Not too long ago I was at a fancy party (working!) at which I spoke to a high-level banker who happened to be African-American. The event was fashion-centric and the guy was a sharp dresser, so I asked where he shopped for clothing. He mentioned a store in Connecticut where I happened to have worked as a cashier and salesperson when I was in high school. He asked how it was, and I said that I’d learned a lot, but that they paid so badly it was like “slave labor.”
Instantly I regretted that remark. Because of course working in a fancy clothing store in Connecticut wasn’t like slave labor at all, and saying that to a black guy… Well, I just felt like a complete ass. Whether he noticed or not, I don’t know—if he did, he was too gracious to say anything—but it was one of those moments where you realize how different one’s perspective and diction can be depending on the color of your skin. Who knows, maybe he wouldn’t have had a problem with it. But…it’s tricky, and I wished I had chosen different words.
So I have some empathy with people who make inadvertent racial gaffes (I mean, up to a point—sometimes those gaffes reveal some pretty ugly stuff).
Still, as I read the New York Times’ description of last night’s GOP debate, I kept stumbling over the fact that Rick Perry repeatedly called Herman Cain “brother.”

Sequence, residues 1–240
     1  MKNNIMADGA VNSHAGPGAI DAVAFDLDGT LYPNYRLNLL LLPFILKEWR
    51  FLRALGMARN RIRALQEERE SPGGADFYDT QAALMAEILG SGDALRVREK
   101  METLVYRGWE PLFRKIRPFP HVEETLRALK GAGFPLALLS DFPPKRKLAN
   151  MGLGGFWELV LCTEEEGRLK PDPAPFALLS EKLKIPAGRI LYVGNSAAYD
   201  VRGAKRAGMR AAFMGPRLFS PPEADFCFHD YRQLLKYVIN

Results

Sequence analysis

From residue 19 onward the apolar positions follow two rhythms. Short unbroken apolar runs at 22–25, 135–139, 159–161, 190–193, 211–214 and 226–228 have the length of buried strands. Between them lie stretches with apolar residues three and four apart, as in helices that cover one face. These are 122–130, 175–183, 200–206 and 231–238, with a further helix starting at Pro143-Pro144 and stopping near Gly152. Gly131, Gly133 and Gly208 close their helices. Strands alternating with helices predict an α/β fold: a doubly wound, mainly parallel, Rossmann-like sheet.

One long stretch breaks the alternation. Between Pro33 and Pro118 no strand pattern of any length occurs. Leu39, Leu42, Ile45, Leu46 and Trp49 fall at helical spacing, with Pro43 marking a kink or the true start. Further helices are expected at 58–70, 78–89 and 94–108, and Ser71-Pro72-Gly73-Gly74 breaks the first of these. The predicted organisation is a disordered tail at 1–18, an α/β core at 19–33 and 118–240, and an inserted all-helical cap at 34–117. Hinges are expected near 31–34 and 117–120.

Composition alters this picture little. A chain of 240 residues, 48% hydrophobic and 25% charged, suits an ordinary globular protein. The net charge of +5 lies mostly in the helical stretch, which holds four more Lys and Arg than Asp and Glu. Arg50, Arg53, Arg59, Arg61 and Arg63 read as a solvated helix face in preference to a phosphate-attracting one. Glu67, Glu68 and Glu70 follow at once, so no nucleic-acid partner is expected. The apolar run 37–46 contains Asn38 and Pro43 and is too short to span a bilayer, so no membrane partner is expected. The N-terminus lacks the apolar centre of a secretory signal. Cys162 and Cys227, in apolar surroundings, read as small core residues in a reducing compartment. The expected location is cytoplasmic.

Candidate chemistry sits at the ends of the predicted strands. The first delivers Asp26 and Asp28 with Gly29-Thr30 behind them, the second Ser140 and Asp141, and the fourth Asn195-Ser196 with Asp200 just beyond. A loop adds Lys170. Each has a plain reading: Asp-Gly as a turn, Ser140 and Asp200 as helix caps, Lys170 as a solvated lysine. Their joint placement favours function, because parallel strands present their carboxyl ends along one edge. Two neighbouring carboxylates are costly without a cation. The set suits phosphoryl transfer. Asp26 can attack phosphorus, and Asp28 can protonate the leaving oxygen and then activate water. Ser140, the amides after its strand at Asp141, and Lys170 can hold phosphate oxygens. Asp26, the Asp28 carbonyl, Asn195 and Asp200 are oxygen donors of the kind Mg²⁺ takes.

(Weirdly, that fact has since been edited out of the Times’ recap I read on my iPhone last night; but here’s a Wall Street Journal piece about a Twitter debate on the very subject.)
Early in tonight’s GOP presidential debate, Governor Rick Perry began a comment to fellow candidate Herman Cain by saying, “Herman, I love you brother…” In case the public didn’t hear it the first time, Perry did it again, saying “I’ll bump plans with you brother…”
Comic Kathy Griffin tweeted about the moment: “Awkward. I’m waiting 4 Perry 2 say ‘jive turkey.’”….
You know, she’s right—it is awkward. It suggests a clumsy, self-conscious attempt on Perry’s part to speak black, as he sees it, for political advantage. The fact that he said it twice suggests that it was a calculated remark, which troubles me. How does that work? In a pre-debate planning session, a high-paid (white) campaign adviser says, “You know, Governor, here’s an idea…”
To illustrate how odd this incident is, imagine if Hillary Clinton had called Obama “brother” during one of the Democratic debates in 2008. Impossible. So yes, it’s hard not to think that there’s something patronizing and probably racist in Perry’s use of the term.
Is this important? I think so, because it is telling. Remember, this is a guy who had an obscene word for black people painted at the entrance to his summer ranch. Rick Perry just doesn’t feel ready to lead the country; he feels appropriate to Texas (take that as you will).
And in that sense, he feels like a pre-Obama candidate, rather than a man of our times. The president has changed this conversation fundamentally, and it’d be a great shame to elect someone who’d take us in the wrong direction on race.